Federal Circuit Denies Petition For Writ Of Mandamus Requesting It Vacate The District Court’s Spoliation-Based Sanctions Order
On Tuesday, November 3, 2020, the Court of Appeals for the Federal Circuit (CAFC) denied a petition for a writ of mandamus requesting the CAFC vacate the United States District Court for the Central District of California’s (C.D. Cal.) order granting an adverse inference instruction in connection with Ivantis Inc.’s failure to preserve relevant evidence for litigation. In re Ivantis, Inc., F.3d __, (Fed. Cir. Nov. 3, 2020). The CAFC found no reason to depart from the usual practice of waiting until after final judgment to review the C.D. Cal.’s order.
In April 2018, plaintiff Glaukos Corporation brought an action alleging that an Ivantis product infringes its patents. Ivantis had an email retention policy that deleted emails after 12 months. Ivantis instituted a litigation hold only after the filing of the action and was unable to produce older emails. However, the district court found that Ivantis anticipated patent infringement litigation from Glaukos as early as 2009 when Glaukos contacted Ivantis regarding the patents. That same year, Ivantis retained patent litigation counsel to advise it on the at-issue patents. Moreover, in 2017, industry analysts reported that Glaukos would soon assert its patents against Ivantis. Ivantis’ CEO circulated these reports within the company and Ivantis prepared a petition for inter partes review of the Glaukos patents at least a month before Glaukos filed the complaint. As such, the district court found that Ivantis intended to deprive Glaukos of the emails in litigation by maintaining a policy that deleted emails after 12 months despite anticipating the litigation. The district court also found that Glaukos was prejudiced in being deprived of potential evidence concerning copying and willfulness and ordered that the jury could presume the destroyed evidence was favorable to Glaukos and unfavorable to Ivantis.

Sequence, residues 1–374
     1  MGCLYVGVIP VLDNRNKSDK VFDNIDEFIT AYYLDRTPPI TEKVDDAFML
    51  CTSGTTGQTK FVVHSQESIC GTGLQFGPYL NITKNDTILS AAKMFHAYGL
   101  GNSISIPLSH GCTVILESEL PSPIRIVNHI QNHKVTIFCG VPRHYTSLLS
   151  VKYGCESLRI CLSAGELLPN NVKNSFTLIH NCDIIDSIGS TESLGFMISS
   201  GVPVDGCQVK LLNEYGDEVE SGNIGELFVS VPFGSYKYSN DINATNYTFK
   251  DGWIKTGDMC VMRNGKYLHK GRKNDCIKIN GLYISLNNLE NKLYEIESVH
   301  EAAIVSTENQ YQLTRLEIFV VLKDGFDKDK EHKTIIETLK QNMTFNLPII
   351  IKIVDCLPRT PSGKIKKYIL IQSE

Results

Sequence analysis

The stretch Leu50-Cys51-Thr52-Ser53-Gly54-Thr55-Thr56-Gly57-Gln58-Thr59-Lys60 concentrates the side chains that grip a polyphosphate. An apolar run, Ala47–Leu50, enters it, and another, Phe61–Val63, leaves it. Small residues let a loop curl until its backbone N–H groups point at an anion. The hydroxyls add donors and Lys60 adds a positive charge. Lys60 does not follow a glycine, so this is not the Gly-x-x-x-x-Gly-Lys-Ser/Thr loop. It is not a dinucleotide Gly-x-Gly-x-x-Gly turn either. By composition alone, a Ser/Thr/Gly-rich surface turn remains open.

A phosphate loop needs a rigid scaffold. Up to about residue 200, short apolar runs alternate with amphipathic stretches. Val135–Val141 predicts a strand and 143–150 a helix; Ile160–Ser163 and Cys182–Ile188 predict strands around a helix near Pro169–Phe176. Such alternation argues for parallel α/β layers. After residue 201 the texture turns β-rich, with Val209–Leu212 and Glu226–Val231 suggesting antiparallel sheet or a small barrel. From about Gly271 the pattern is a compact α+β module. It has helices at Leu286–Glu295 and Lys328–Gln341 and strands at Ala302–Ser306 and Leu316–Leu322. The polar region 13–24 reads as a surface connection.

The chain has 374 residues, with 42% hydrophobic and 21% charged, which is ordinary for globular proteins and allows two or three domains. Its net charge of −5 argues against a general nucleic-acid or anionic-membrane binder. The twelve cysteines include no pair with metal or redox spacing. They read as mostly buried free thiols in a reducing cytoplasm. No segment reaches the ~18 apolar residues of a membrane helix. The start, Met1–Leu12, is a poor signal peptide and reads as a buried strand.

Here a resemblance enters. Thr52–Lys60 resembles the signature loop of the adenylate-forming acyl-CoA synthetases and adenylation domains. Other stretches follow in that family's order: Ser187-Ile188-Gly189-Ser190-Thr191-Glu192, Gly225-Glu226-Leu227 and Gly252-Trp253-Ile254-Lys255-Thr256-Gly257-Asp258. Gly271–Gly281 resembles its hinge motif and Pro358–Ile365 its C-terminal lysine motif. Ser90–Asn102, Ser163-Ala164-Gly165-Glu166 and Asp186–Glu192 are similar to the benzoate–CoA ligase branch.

The CAFC found that the writ for mandamus was inappropriate at this time because a post-judgment appeal is an adequate means to correct an erroneous adverse-inference instruction. Ivantis argued that it may not survive as a company to that stage if an adverse trial verdict were to issue. The CAFC rejected Ivantis’ argument as speculation and found no reason to depart from the usual practice of waiting until after the final trial decision to review the C.D. Cal.’s order.
The decision highlights the critical importance of ensuring that timely and appropriate litigation holds are put in place.